There are no missing persons among Trinity graduates.

You are not leaving Trinity this weekend, you are simply taking Trinity with you to new places. Trinity will be with you in even the remotest of places.   Earlier this week, I received an email from a graduate of the Class of 1996; I had not heard from her in years.   She wrote to tell me of a great tragedy that has come upon another classmate whose home burned to the ground in wildfires in Santa Barbara last week.   Just days before that calamity, Shannon lost her unborn child, even while she was enduring a divorce.   Shannon was devastated.  But her Trinity sisters rose immediately to the occasion.   She writes of a Trinity friend who came to help Shannon and her grandmother pick their belongings out of the ashes.   Her message goes on, “It’s no surprise that it was someone from the Trinity family who helped my family escape the fire with a couple family treasures and photos from my Grandparents past!  I have had many friends in my life, but none like the ones from Trinity. … the family of our Trinity sisters and alumnae will do and give more from their heart and hands than most.”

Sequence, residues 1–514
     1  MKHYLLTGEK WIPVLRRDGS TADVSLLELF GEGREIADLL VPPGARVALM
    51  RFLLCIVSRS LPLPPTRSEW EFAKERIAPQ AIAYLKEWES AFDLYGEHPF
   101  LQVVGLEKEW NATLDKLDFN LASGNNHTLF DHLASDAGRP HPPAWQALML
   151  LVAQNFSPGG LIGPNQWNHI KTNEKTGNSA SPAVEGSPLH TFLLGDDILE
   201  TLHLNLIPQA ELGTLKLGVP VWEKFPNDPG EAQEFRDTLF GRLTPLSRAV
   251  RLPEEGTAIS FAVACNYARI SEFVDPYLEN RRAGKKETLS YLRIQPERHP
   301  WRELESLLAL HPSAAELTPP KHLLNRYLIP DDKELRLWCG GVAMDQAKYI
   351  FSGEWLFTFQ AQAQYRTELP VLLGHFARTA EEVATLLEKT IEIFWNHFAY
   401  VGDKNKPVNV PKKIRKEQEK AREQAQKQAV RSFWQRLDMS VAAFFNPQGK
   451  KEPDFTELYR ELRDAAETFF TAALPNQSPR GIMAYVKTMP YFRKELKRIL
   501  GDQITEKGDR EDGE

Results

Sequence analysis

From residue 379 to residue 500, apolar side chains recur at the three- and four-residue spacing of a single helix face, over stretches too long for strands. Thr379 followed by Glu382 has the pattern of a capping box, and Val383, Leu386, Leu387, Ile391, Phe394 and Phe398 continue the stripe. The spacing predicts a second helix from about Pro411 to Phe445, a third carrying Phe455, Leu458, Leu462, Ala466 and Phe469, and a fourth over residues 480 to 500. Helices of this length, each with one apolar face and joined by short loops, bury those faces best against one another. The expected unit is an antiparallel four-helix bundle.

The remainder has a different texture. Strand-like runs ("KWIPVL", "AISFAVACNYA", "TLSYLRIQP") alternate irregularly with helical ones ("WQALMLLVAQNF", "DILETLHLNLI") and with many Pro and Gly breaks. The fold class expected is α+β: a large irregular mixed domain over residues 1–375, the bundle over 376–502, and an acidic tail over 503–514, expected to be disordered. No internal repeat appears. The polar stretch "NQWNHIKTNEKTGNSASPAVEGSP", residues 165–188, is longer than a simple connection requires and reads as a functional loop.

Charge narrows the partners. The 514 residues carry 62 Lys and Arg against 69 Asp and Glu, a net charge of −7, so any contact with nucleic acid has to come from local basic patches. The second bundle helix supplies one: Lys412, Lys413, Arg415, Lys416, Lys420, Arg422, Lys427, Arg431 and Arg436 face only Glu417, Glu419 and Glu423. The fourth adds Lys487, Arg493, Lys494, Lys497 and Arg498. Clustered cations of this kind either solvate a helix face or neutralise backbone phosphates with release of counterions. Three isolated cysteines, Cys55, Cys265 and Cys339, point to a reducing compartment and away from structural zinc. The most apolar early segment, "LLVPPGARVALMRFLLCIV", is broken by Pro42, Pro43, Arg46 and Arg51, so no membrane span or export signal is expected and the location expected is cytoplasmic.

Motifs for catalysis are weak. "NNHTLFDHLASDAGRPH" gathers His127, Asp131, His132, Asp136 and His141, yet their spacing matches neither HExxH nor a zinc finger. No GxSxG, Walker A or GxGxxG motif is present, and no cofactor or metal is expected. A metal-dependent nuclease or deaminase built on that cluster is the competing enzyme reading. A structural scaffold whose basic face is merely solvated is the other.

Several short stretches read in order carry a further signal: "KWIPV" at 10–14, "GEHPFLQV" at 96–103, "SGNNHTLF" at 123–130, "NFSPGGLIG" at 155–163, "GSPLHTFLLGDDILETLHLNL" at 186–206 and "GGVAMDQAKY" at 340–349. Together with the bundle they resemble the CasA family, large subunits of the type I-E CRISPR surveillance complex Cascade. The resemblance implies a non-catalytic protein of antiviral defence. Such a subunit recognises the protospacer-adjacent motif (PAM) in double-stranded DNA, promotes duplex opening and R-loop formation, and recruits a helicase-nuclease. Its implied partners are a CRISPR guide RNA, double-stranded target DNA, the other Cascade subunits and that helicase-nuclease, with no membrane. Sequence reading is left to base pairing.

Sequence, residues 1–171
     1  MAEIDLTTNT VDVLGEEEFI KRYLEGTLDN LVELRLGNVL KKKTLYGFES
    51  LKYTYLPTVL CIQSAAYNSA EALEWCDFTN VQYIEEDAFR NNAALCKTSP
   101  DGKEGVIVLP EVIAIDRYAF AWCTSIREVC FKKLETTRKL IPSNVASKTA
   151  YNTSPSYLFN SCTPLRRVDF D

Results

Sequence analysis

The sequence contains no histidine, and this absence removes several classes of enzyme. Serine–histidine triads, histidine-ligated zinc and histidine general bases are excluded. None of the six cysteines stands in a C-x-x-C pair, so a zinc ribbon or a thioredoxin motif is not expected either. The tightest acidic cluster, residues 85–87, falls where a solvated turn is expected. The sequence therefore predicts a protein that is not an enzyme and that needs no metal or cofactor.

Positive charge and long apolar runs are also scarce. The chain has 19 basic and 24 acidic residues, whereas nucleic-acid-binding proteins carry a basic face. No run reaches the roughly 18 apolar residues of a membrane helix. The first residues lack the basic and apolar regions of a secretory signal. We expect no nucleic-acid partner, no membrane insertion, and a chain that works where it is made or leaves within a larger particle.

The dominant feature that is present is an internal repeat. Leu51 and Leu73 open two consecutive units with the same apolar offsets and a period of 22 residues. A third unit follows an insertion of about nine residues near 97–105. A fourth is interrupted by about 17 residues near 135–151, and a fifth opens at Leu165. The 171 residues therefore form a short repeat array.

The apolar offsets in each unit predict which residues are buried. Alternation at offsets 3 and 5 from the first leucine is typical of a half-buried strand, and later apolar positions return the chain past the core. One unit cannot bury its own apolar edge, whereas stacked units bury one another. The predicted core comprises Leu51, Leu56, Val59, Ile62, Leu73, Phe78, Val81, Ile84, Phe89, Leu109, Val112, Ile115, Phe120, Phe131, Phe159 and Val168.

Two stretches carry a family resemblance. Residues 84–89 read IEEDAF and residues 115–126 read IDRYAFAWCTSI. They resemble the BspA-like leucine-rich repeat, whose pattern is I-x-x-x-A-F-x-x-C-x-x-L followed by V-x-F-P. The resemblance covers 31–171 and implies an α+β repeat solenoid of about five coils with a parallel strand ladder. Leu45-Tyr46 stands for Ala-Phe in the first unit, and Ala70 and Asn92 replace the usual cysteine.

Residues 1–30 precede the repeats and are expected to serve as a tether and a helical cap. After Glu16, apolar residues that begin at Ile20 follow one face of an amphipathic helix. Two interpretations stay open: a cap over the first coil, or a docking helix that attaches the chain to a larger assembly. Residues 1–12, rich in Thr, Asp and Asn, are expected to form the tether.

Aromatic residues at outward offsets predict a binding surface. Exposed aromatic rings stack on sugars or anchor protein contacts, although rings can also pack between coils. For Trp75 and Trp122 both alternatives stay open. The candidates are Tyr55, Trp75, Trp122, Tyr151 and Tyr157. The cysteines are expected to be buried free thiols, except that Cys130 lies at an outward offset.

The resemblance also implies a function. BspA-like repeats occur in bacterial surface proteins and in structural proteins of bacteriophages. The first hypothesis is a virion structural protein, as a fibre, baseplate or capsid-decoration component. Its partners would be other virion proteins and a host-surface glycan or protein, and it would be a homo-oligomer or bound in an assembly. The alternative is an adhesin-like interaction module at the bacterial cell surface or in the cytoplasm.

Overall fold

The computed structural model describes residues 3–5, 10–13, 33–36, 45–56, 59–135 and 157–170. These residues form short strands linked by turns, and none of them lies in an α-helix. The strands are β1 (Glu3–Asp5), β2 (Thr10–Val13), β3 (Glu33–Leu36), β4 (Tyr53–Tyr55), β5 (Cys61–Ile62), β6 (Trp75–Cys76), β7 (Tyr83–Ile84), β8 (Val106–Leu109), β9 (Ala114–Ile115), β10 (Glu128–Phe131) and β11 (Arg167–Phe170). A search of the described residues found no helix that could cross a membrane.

Out of such a tragedy, a great Trinity story.   You are sisters and brothers to each other and to all others in our vast Trinity family.   May your days from this one forward be filled with the joy of achievement, the comfort of your great Trinity friendships, the recognition of the fulfillment of your hard work in your college days in the professional and personal success of your lives.   And on those days that are not so joyful, may you find in your Trinity roots the strength, faith, grace and hope to persist through the challenges, to live up to Trinity’s expectations.  May you go forth with the power, the wisdom and the love of the Trinity as your constant companions, the light for your path, the strength for your work all the days of your lives.

Congratulations, Class of 2009!


For more information about Graduation, students should contact Dean Meechie Bowie at 202-884-9611 or via e-mail at commencement@trinitydc.edu. For media inquiries, contact Ann Pauley, Media Relations, at 202-884-9725 or pauleya@trinitydc.edu.